Review: Ary and the Secret of Seasons (PS4)

Platforms:

  • PlayStation 4
  • Xbox One
  • Nintendo Switch
  • PC

Platform/Hardware Used:

  • PSN Download
  • PS4 Pro
  • HDTV

Extras:

  • DualShock 4 Required (1)
  • Move None
Title: Ary and the Secret of Seasons
Format: Blu-ray Disc / PSN (6.47 GB)
Release Date: September 1, 2020
Publisher: Modus Games
Developer: eXiin
Original MSRP: $39.99 (US), £34.99 (UK)
ESRB Rating: E10+
PEGI: 12
A code for the game was provided by the publisher for review purposes.
PS Nation Review Policy

Ary and the Secret of Seasons, or ASS for short, is a game about exploration, changing seasons, solving puzzles, and a constant nagging of nostalgia. Okay, I have to abbreviate it another way.

Gameplay:
Ary and the SS [definitely not this abbreviation] looks like an old game, and the basic controls make it feel that way too. I have no idea why the Touchpad has been ignored. It was only luck that I stumbled upon a quick way to access the Map, Quests, Inventory, and Notes tabs. To avoid the needless trudge through the Options menu, simply keep hold of said button and it takes you straight to the aforementioned tabs.

The game has a messy fighting system that utilizes a simple parry and dodge system, which works well enough, but not when surrounded, or after a few successful counters it sometimes fails to register button presses. This means my character takes damage and eventually I have to restart the encounter. Some of the enemies seem to wear pathetically weak armour, and with a successful strike, it can be knocked off, eventually leaving a dead, naked, corpse. Why? I have no idea.

Boring fetch quests seem to be the favorite objective in this game. One quest had me searching a small town for a guard who ended up being behind the Captain who was searching for him in the first place. Not funny.

A small section of the game forces my character into running away from a rampaging enemy, and several obstacles and traps stand in the way of the exit. It wasn’t fun, and it annoyed my kids to the point of putting down the controller and asking to play something else.

Visuals:
AatSoS [worst abbreviation yet] often looks very dated. Simple but nice NPC character models inhabit a world with a noticeably low polygon count. A few of the main characters are more detailed and look passable. Floating assets and background scenery that wouldn’t look out of place on a PlayStation 3, albeit with fewer jaggies, make up a lackluster world.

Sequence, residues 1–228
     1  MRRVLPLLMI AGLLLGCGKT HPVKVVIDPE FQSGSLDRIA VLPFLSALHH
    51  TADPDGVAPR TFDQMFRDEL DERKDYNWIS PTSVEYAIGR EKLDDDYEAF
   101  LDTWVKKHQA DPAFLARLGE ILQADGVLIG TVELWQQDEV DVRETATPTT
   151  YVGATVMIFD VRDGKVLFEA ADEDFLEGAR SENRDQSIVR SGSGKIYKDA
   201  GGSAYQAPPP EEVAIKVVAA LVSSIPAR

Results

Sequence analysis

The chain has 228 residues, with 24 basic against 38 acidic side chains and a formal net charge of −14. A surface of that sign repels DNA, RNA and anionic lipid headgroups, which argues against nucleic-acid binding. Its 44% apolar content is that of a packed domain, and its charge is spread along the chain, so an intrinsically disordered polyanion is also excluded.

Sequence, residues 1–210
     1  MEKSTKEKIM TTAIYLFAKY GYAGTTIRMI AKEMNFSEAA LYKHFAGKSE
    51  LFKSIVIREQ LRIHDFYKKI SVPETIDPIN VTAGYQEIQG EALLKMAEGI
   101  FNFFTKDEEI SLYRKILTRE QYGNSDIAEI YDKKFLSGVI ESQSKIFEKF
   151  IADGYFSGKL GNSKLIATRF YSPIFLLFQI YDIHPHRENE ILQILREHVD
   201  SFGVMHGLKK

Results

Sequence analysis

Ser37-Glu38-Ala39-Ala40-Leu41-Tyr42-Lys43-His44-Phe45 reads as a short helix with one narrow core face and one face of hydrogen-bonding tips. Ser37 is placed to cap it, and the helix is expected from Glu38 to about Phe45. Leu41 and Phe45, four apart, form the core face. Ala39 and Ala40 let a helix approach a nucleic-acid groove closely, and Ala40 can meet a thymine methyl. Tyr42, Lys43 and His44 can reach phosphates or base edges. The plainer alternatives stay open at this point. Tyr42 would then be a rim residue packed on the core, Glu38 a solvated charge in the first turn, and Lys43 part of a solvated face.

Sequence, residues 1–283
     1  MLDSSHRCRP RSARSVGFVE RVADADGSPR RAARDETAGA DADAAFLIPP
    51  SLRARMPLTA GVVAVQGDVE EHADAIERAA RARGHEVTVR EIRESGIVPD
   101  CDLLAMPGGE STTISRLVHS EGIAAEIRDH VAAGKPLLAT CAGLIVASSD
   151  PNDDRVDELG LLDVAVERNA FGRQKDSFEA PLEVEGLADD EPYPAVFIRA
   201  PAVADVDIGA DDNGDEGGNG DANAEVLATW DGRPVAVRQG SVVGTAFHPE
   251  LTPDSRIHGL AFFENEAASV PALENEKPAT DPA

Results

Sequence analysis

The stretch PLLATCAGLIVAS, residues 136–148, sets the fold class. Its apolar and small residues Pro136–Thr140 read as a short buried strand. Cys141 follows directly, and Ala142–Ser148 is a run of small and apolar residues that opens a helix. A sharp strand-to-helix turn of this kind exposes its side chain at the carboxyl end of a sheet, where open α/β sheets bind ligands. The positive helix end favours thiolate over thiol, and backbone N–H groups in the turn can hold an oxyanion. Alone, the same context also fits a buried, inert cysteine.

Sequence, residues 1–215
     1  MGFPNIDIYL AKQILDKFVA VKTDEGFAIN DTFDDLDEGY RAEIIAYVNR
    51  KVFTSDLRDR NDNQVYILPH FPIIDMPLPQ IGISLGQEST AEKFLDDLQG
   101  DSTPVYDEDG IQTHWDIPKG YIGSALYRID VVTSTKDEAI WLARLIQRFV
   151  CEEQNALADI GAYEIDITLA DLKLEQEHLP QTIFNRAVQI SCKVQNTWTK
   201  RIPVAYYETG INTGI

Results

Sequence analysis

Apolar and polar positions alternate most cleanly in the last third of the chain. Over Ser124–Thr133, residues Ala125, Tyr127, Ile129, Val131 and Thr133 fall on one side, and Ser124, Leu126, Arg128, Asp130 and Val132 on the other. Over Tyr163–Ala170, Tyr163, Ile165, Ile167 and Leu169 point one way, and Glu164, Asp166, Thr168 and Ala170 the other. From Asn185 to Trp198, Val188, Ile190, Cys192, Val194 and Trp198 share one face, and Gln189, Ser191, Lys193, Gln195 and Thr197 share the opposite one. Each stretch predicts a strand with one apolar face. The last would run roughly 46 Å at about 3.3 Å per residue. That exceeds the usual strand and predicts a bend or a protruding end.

As I climbed the last step to the Dome of Seasons, I longed for a Slinky and also realized the areas can be quite bland. It has got some nice moments, but the general feeling of a little too much ambition and not enough time keeps popping up.

The predictable story is largely told through some cutscenes, which try to inject some humor into the game. Very occasionally it works, but most of the time it feels awkward and reminiscent of a bad Sunday morning cartoon.

There were a few odd glitches when casting certain seasonal bubbles in particular areas, and I almost got my character permanently stuck when trying to explore the boundaries of the game.

Audio:
The Secret of Seasons [Much better] does feature some nice music, and even some voice acting in the cutscenes. As I mentioned before, some of the jokes fall flat, but I didn’t hate what I heard. As I kick the anthropomorphic enemies’ collective arse, my character says some silly one-liners, such as “Son of a cow,” and “Everyone has good in them… Maybe not you.” I did grow tired of this after an hour or so.

Online/Multiplayer:
This game is one player only and features no online component.

Conclusion:
Ary and the Secret of Seasons is over-ambitious and features too many dated mechanics and gameplay elements that make it more of a chore than an enjoyable adventure. The main gameplay gimmick of creating different seasonal bubbles stops being fun after half an hour, and the missions are just plain tedious.

The story is aimed at a younger audience, but the level design and navigation system are pains and deter all ages from exploring the dreary world. I admire anyone who got through the entirety of this game and applaud the very few who got the Platinum.

I have been harsh in this review and should point out it isn’t all bad. I just couldn’t stomach it myself and wish it had been dialed back in scope.

Score:
5.5

* All screenshots used in this review were taken directly from the game using the Share functionality on the PlayStation 4.

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Written by Chazz Harrington

Chazz Harrington

You can find me on everything: PSN, Twitter, Origin, Steam, etc using my universal ID: ChazzH69

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